One of the laser guns scorches the monster's shoulder, and she can’t get away, even as it turns, roars at Hat Man and Marcy up on the balcony, plants one hand on her chest and shoves her to the ground, claws scraping across her armor, an awful shriek she can feel down into her breastbone, stabbing through her skull, too much even if she hadn’t already been shaking, hadn’t already been afraid, hadn’t already wanted to clutch at someone who would take her weight and lead her somewhere else, hadn't panicked and agreed to be bait.

The monster roars again, stands up on its hind legs, stretches its shoulders back, and she sees the flash of a laser gun again, and the monster is reeling backwards, mouth dangling open, and a second shot follows right after the first, hits its stomach instead of its throat.

It topples backwards.

And everything is silent.

So, so silent.

She closes her eyes, and tries to breathe.


“We need beds,” Hat Man says, looks at everyone in the group, desperation in his eyes. She stands back, watches them from her doorway. The armor she left before crossing the bridge, took the core, wrapped it in the leather of her new coat until she could find somewhere to set it where it couldn’t overheat and start something on fire. Hat Man had looked back to see if she was following, just out of Concord, and the old woman had looked back a few times too, but no one else had bothered to check.

“Preston, let us rest first,” Marcy sighs, voice harsh, like she’s rolling her eyes.

“We’ll need beds before tonight,” Preston argues, points toward the west. The sun is just past noon, still hanging high and hot and yellow.

“We can rest before then!” Marcy snaps back, and throws one arm out. Floor Man cringes where he’s standing, in the doorway to the house. The Old Woman disappeared inside, and Computer Man stands out of the way, watching Hat Man and Marcy. They continue arguing.


The neighbors had camping equipment, and it’s been two hundred years, but if nothing else, there has to be some fabric they can use as blankets. Enough blankets, it’s basically a bed. There are a few couches still scattered around the suburb, too--stained, moldy after years of exposure, but better than sleeping on a tile floor. She sends Codsworth to lead them to the supplies and the beds, settles down in the house nearest to the bridge with her own blankets. Codsworth hovers in the doorway, making concerned noises until she pulls the blanket up over her head and refuses to look at him or acknowledge his existence. He hums away, back toward her old house, mumbling to himself.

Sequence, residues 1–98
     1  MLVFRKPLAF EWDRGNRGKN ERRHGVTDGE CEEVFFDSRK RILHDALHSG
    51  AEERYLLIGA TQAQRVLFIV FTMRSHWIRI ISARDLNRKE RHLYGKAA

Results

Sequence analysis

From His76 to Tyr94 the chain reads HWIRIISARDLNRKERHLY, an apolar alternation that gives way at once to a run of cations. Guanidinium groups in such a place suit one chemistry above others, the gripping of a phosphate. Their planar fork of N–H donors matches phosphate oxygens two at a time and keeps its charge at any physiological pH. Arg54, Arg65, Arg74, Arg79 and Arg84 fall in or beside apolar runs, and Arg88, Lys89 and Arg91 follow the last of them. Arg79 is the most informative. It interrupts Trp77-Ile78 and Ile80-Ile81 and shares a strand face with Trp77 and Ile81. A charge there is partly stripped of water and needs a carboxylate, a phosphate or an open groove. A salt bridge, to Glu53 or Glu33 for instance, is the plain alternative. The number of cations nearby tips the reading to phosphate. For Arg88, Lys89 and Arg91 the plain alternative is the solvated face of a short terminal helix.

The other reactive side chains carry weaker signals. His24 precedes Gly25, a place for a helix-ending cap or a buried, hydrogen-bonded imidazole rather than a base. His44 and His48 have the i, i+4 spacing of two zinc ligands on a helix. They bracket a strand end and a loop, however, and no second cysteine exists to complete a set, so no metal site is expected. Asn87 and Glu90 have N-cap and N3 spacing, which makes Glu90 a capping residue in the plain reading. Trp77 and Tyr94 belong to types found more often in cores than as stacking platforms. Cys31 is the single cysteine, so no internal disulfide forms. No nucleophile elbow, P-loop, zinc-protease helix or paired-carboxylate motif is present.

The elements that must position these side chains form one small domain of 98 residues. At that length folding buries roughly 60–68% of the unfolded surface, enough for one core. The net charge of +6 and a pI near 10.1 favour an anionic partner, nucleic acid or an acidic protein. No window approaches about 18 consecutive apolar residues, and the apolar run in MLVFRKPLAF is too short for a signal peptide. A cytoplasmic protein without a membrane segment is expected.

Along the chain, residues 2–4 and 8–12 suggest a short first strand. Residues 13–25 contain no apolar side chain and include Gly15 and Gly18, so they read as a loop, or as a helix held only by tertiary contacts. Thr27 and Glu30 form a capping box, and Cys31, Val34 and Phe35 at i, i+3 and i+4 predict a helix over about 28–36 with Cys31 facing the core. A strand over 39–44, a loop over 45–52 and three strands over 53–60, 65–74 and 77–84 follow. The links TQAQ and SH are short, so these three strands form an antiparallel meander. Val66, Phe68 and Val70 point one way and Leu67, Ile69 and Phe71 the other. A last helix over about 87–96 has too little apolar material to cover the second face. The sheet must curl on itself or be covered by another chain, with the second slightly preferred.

The sun is long gone by the time she gives up on sleep, puts her glasses on, wraps one blanket over her shoulders, bundles it around her neck, and steps out onto the floor of the carport in her bare feet. The concrete is still smooth, and she shuffles across it, breathes through her nose.

Hat Man comes around the curve, laser gun in hand, looking up at the stars. She leans against the roof support, watches him as he walks down toward the bridge. He drops his eyes when he gets to the worst of the broken concrete, watches where he puts his feet.

He stops at the bridge, fiddles with his scarf, hefts his gun, looks across the bridge and down toward the truck stop.

He doesn’t notice her watching until he turns to go back up the road. He jumps, gun swinging toward ‘ready’, and she hunches down into her blanket. When his eyes focus, he lowers his gun, smiles with furrowed brows.

“You scared me.” He laughs, like he’s embarrassed. She nods, and smiles back. “I’m sorry, I didn’t get your name earlier.” He walks toward her, gun still lowered, stops five feet away, out on the driveway.

She shrugs. He won’t understand signing anyway.